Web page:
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#chat {ping} {user}
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This command displays the time it takes for your ping to arrive and be send back to you, in milli seconds.
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#chat {zap} {user|all}
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This command closes the connection to the given user.
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#chat {forward} {user}
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This command will forward all chat messages to the given user as snoop data. To avoid infinite loops, forwarding to a user is disabled when receiving snoop data from that user.
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#chat {forwardall} {user}
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This command will forward everything that is saved to your scrollback buffer to the given user as snoop data.
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#chat {serve} {user}
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This command will cause you to forward all public chat messages to the given user, and all public chat messages from that user to everyone you are connected to. To avoid infinite loops the messages are forwarded as private messages.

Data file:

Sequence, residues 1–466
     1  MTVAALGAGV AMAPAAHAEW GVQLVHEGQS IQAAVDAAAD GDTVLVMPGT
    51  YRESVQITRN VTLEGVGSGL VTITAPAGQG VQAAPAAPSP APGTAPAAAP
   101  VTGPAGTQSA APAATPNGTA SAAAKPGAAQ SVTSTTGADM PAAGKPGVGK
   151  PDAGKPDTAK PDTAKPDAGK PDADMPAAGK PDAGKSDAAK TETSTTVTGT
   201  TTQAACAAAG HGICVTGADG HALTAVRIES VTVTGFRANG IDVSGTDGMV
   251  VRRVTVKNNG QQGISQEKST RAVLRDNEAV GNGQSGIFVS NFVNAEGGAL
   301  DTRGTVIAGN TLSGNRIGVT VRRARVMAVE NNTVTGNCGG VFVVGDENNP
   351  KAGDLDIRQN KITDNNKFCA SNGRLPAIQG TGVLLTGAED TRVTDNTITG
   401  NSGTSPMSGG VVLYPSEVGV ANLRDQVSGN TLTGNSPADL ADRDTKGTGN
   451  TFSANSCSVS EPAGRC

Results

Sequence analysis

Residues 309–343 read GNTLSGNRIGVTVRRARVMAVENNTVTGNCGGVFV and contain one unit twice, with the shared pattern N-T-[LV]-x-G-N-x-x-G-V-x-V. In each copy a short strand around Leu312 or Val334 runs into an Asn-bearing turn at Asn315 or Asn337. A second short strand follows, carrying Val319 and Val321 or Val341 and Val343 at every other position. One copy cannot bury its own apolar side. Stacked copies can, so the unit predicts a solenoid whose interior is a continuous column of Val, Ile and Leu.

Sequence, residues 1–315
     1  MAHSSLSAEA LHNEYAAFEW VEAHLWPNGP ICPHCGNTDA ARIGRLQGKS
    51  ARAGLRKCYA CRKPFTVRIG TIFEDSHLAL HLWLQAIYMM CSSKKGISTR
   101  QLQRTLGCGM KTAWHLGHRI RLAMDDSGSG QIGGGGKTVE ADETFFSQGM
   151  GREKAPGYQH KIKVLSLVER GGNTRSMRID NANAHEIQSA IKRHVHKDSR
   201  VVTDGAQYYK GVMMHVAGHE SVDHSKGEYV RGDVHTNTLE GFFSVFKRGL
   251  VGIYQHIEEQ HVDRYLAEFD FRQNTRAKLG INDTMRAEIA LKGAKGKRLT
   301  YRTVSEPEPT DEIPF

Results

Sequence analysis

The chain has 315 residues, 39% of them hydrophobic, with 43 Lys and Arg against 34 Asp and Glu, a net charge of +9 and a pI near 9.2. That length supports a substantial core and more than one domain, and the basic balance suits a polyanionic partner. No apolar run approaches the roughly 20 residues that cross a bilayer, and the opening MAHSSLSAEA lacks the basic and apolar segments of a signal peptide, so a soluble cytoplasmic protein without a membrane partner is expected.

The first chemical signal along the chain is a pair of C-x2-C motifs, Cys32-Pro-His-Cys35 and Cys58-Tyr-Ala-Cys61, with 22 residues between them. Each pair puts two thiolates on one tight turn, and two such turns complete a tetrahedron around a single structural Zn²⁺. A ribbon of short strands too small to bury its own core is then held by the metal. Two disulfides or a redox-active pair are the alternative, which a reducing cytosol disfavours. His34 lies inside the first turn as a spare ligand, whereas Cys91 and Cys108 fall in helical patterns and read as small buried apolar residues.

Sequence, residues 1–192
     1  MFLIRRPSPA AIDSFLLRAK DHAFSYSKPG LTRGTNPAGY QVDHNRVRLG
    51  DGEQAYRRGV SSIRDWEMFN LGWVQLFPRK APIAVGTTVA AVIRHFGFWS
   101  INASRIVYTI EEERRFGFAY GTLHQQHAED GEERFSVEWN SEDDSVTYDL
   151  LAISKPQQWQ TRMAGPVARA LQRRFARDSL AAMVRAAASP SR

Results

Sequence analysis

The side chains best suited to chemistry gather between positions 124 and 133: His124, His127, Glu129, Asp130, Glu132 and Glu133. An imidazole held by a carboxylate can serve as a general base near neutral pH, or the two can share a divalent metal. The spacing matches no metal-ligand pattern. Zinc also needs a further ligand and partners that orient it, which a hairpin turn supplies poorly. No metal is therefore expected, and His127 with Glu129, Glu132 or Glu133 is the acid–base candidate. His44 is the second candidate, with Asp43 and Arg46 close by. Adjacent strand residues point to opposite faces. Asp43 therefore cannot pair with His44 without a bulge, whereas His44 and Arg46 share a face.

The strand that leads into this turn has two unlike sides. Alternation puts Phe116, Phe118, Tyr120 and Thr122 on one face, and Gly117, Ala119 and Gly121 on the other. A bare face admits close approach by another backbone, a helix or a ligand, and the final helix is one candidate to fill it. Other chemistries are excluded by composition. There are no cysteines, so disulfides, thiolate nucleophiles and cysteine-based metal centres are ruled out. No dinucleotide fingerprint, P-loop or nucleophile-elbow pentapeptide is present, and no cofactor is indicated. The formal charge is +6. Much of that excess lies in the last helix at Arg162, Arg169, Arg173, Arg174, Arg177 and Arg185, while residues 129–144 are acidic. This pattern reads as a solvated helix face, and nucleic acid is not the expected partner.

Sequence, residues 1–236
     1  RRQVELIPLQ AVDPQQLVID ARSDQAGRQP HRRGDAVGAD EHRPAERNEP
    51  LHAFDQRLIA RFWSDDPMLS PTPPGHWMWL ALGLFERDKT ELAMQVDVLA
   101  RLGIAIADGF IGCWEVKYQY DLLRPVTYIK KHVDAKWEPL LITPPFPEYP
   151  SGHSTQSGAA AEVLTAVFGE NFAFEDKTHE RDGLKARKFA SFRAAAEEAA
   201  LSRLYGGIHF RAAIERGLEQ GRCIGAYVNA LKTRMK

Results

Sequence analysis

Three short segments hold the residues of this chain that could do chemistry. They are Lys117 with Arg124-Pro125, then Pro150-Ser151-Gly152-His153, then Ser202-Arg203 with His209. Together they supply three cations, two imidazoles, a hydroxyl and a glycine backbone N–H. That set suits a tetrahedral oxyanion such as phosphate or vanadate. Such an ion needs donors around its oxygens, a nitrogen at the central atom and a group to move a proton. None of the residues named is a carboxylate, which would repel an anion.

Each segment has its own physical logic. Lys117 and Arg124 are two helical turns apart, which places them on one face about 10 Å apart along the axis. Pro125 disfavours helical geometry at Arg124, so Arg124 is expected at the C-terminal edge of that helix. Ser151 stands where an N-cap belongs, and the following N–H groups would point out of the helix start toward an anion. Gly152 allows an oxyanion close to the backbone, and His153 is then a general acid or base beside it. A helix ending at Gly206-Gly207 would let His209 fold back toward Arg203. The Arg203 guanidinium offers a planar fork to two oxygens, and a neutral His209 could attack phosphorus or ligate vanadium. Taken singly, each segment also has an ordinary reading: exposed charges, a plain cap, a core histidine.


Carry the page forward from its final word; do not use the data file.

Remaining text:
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#chat {group} {user} {name}
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This command allows you to assign the given user to a group. You can use a group name with the emote, message, and send commands. If you use #chat group without an argument it will behave like #chat who, showing a list of all users and their group name.
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#chat {sendfile} {user} {filename}
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This command allows you to send a file to the given user, they must accept it before transfer begins.
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#chat {accept} {user}
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Accepts a file transfer after the user has offered to send a file.
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#chat {decline} {user}
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Declines a file transfer after the user has offered to send a file.
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#chat {cancel} {user}
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Cancels a file transfer after it has been started.
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#chat {filestat} {user}
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Shows information about a file transfer currently in progress.
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#chat {downloaddir} {directory}
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This command sets the directory where new downloads are placed into.